Aside from food, one of Java’s favorite things is getting scratches behind her ears, which Cayce Sullivan, a 15-year-old 4-H’er in Gilchrist County, makes sure to do as part of her daily care routine.
Java, a Brown Swiss heifer, is just one link in a bigger chain – Florida’s 4-H Dairy Heifer Chain.
The program started in 2019 and works like this: a 4-H member receives a dairy calf, cares for it, trains it and shows it at two fairs. When the heifer is old enough, the 4-H youth works with a local veterinarian to see the animal through having a female calf of its own. That calf then goes to another 4-H member and another link is added to the chain. So far, 13 heifers have been placed since the program’s inception.
At only a year old, Java has already become well acclimated to Cayce’s farm, where she learns the correct stance, position and walk necessary for winning local and state dairy cattle competitions.
About three days a week Cayce works with Java to make sure her features are best displayed when it comes time to show her at fairs. In addition to training, Cayce makes sure Java is properly taken care of with regular baths, health checks and brushing.
“It has taught me so much responsibility, and not just with dairy cows but with my school life and my other animals,” said Cayce. “The program has taught me so much and has opened so many doors for me.”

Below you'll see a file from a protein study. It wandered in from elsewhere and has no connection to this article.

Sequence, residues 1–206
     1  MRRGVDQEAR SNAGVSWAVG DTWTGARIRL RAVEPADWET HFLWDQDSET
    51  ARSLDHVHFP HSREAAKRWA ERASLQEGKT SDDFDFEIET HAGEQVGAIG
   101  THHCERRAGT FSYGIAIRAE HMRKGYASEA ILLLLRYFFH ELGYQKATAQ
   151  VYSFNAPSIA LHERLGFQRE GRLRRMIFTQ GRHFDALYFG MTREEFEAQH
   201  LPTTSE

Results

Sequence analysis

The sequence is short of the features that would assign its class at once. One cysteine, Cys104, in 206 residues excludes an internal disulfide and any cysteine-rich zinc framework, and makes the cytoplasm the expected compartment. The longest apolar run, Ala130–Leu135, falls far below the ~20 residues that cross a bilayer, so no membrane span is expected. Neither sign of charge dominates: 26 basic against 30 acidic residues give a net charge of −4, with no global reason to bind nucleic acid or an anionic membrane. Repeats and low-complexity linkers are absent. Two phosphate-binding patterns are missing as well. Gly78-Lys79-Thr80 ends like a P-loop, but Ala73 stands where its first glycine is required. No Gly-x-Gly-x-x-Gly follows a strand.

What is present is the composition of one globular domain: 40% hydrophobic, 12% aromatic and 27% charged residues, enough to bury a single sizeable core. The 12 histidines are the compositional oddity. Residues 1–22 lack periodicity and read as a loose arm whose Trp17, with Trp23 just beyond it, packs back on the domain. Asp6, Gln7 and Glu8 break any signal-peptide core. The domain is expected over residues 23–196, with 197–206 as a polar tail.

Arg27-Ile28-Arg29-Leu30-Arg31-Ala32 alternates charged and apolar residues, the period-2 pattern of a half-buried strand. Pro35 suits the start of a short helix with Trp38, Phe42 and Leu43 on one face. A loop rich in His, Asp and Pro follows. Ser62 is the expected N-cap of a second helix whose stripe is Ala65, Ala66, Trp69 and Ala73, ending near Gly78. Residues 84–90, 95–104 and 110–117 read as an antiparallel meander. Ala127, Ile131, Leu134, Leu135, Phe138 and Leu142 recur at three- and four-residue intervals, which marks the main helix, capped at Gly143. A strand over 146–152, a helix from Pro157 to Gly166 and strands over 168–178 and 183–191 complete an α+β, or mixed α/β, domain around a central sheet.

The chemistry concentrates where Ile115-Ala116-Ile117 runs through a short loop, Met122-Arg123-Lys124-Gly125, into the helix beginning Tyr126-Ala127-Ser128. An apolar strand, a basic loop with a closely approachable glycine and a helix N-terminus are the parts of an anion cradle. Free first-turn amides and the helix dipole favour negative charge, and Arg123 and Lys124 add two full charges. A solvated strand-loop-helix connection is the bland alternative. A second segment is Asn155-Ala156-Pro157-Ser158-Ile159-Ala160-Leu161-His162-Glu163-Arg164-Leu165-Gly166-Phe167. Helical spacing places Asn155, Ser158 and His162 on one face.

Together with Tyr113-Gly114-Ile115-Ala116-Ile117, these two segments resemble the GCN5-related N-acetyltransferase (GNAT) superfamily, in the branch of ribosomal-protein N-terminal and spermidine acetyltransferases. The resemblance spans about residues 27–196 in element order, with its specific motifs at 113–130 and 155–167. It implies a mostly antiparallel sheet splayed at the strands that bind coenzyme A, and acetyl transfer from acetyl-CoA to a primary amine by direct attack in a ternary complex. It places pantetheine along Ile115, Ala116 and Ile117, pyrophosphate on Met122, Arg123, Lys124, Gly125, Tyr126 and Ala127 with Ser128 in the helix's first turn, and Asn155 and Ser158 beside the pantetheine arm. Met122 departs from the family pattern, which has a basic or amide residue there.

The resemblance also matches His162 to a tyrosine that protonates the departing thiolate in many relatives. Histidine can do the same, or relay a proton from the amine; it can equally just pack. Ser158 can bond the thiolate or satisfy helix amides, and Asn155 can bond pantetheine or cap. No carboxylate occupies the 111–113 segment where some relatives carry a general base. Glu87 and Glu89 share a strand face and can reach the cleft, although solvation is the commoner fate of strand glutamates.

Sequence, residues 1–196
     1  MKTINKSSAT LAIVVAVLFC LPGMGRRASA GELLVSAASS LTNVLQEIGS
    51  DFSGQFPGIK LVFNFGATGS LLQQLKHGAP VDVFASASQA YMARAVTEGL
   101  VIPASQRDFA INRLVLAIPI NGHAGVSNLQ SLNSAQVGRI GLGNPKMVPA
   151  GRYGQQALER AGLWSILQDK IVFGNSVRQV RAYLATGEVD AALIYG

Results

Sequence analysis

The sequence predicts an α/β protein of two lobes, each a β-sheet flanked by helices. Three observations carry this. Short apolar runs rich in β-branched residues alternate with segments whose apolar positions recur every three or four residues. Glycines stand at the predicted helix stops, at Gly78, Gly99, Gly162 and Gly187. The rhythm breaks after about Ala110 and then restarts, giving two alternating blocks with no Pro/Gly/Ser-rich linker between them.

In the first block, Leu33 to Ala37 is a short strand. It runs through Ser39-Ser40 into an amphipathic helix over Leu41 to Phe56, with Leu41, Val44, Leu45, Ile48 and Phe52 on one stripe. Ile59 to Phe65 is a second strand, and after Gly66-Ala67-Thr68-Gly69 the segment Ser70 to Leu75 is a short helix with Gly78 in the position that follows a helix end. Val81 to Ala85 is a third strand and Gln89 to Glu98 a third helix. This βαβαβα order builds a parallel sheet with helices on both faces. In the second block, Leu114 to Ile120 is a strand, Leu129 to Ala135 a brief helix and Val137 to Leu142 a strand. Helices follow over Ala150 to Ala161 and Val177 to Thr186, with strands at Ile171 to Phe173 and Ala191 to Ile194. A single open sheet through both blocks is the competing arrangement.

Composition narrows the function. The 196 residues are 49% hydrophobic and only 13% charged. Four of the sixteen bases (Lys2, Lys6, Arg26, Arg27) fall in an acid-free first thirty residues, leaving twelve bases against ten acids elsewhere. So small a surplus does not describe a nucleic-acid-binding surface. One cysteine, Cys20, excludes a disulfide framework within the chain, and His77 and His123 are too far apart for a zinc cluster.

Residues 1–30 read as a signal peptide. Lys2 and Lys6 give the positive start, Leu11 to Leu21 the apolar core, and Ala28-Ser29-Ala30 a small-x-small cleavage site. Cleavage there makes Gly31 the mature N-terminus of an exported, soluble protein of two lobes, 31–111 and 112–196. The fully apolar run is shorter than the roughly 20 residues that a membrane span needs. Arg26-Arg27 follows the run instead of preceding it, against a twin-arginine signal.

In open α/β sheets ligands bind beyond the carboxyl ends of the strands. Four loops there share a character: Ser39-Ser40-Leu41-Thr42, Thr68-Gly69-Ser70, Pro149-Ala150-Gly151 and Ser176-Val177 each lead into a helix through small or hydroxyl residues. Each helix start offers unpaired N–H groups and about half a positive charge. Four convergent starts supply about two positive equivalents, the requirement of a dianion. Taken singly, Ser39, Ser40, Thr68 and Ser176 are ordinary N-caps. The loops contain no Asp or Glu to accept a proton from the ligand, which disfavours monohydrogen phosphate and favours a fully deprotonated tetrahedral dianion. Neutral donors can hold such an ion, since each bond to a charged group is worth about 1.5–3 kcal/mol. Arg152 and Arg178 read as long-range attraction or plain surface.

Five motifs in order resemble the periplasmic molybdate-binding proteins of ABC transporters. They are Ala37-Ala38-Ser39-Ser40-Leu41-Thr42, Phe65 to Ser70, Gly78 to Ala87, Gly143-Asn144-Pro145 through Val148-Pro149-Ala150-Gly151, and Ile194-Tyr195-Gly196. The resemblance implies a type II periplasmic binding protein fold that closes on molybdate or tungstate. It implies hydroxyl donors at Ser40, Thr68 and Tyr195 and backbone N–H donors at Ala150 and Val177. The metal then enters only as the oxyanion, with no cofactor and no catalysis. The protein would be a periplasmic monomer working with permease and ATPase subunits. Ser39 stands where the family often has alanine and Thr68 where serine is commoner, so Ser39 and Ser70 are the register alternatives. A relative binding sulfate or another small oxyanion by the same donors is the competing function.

This year will be the third year in a row that Cayce will participate in the 4-H Dairy Quiz Bowl, a contest that gives youth the opportunity to showcase their knowledge of the dairy industry, cattle breeds, cattle health and proper nutrition and care.
But being a part of the Dairy Heifer Chain is more than just training an animal and learning the science and responsibility behind it – it’s creating that emotional bond with an animal.
“My favorite part of taking care of Java is bonding with her,” said Cayce.
That bond also fosters cooperation and trust, especially when it comes to training and preparing for competitions and fairs.
But to Cayce, the real fun is trying to figure out each animal’s quirks and personality to help them become more comfortable on the farm so they feel like it’s their home. As time goes on, Cayce hopes to continue growing her herd.
In March, Cayce plans to show Java at The Suwannee River Fair and then again at the Florida 4-H Dairy Show.
“The Dairy Heifer Chain is a great opportunity for youth to learn responsibility, science and professionalism, and the program also helps youths learn about the agricultural industry and how to contribute to it,” said Chris Decubellis, animal sciences state specialized agent for Florida 4-H, the youth development program of UF/IFAS Extension.
4-H is the youth development program of the land-grant university system and Cooperative Extension System. The program provides hands-on educational programs and experiences for youth ages five to 18 with the objective of developing youth as individuals, and as responsible and productive citizens. In Florida, 4-H is administered by University of Florida/IFAS Extension and Florida A&M University.
To learn more about 4-H in Florida and how to participate in the Dairy Heifer Chain program, contact Chris Decubellis at firstname.lastname@example.org.